Last Updated on January 29, 2020 by Karl Thompson
There are still huge variations in the types of student who make it to university, if we analyse the Department for Education’s Higher Education data by ‘Free School Meals’ (a proxy for social class), gender and ethnicity. This update should be of clear relevant to the education module within A-level sociology.
We can see from the table above that there are stark differences by pupil characteristics.
- 82% of non Free School Meal Chinese girls make it to university, compared to only 2% of girls of Free-School Meal Traveler of Irish Heritage background.
- The above chart is very effective in showing the ethnic differences in university students, and with some interesting variations by FSM status – Black African FSM girls seem to do particular well, for example.
- It’s also interesting to note that ‘White British’ students come very near the bottom of the table, with figures of around 40% HE participation for non FSM students, but only around 20 average for FSM White British pupils. The reason for singling out White students here is that the majority of pupils are white, so these figures are going to have most impact on the national average statistics.
The University FSM gap
There is still an 18.6% gap in Higher Education participation by Free School Meal status, this has decline by almost 1.5% points in the last decade, but this is slow progress!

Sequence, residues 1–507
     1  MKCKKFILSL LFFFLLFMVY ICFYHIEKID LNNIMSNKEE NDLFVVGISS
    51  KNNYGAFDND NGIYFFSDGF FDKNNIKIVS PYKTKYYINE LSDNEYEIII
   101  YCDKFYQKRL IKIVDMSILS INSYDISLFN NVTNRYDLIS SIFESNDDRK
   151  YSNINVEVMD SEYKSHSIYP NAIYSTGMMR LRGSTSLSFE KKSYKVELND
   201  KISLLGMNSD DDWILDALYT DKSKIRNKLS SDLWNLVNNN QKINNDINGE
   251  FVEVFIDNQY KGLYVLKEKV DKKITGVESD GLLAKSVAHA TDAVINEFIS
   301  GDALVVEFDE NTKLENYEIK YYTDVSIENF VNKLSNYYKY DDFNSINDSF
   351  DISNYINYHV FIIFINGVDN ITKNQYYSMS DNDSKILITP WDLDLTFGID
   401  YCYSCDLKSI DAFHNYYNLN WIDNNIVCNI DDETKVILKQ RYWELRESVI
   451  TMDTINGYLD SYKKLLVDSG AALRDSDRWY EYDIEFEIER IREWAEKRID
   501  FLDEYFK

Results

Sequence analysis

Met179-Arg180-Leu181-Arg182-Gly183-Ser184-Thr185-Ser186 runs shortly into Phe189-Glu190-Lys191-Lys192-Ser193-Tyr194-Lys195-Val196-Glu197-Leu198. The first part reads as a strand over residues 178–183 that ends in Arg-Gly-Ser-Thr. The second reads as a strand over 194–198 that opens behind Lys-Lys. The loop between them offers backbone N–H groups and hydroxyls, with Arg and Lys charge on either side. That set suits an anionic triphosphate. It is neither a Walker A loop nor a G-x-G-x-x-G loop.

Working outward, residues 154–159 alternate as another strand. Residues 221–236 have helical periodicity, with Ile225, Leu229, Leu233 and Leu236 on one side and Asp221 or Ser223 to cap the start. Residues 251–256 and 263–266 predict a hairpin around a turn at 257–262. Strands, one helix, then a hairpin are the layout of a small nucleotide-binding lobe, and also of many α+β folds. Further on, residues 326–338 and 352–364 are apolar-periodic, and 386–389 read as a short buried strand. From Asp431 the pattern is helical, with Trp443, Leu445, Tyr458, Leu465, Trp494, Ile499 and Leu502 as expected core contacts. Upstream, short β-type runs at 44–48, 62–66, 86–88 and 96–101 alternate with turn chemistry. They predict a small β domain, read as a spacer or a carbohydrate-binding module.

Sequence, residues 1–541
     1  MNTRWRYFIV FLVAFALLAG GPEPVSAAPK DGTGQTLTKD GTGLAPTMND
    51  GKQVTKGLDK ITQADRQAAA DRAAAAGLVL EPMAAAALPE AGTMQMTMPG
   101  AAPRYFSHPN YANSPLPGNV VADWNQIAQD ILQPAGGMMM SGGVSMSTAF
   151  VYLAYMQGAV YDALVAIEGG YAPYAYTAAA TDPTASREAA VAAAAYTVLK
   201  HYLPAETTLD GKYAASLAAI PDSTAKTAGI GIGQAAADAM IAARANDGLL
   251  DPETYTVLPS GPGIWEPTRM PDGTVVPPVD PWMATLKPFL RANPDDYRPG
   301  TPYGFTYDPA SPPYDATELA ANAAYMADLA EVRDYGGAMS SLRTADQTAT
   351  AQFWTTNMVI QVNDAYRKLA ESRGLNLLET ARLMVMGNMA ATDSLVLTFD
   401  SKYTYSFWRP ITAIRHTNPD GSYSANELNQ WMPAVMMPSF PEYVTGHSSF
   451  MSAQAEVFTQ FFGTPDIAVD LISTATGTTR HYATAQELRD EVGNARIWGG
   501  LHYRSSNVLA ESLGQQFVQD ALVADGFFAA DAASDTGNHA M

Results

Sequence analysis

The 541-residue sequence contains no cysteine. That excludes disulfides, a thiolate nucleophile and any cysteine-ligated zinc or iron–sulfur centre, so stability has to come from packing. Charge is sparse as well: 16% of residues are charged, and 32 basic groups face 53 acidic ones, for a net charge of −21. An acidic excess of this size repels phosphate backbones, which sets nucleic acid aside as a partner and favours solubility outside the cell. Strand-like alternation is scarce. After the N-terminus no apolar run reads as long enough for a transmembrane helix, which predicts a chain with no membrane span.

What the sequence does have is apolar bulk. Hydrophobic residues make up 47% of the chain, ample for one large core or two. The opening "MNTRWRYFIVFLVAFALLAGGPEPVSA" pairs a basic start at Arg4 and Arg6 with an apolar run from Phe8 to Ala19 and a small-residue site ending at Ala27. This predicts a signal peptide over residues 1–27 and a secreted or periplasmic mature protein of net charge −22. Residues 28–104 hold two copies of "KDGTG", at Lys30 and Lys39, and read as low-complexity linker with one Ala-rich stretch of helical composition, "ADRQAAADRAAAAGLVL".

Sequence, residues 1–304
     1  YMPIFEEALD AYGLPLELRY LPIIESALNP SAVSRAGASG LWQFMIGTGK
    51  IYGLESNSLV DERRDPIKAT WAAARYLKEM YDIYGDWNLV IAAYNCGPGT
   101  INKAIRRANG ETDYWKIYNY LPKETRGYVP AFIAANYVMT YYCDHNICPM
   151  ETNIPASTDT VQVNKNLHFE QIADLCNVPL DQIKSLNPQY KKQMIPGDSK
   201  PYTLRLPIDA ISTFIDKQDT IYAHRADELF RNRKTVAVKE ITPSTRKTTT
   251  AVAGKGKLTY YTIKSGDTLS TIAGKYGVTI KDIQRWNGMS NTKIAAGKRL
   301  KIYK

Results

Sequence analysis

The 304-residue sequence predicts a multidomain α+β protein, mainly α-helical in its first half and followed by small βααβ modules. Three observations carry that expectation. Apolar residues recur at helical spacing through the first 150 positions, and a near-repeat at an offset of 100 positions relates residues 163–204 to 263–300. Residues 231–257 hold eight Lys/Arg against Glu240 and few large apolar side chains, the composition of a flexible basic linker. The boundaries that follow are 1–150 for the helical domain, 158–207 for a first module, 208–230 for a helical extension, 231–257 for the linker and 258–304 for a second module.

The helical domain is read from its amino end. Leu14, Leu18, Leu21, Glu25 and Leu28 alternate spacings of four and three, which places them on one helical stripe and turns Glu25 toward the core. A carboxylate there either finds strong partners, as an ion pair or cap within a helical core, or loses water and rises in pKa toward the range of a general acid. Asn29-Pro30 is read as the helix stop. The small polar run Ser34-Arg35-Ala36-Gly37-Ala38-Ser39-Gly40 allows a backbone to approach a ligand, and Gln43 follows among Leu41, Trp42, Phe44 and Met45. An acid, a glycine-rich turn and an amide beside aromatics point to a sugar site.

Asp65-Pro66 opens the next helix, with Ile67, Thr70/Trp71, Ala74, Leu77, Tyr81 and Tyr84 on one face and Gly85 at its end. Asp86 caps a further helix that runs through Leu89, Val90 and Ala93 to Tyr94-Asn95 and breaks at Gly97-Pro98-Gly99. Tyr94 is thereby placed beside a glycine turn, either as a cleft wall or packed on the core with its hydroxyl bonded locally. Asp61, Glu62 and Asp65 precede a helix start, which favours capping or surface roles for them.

The University Gender Gap
TBH I’m somewhat surprised to see the gender gap continuing apace, and it seems to be a steady increase year on year!
Other Higher Education inequalities
The latest report (see link below) also highlights inequalities by region (the biggest gap is in the South East, the smallest in London) and by Special Educational Need. See below for more details!
It also looks at the differences for ‘high tariff’ universities (the ones which ask for higher grades) which show starker differences.
Widening Participation Targets
The Office for Students has been campaigning to get universities to widen participation by reducing the above gaps. Most universities have in fact pledged to try and half some of these gaps by 2025 for example – if they succeed this would mean only a 10% gap between FSM and non FSM pupils.
However, this would mean fewer middle class students getting into university, assuming that more places are not created.
Sources/ find out more
Department for Education – Widening Participation in Higher Education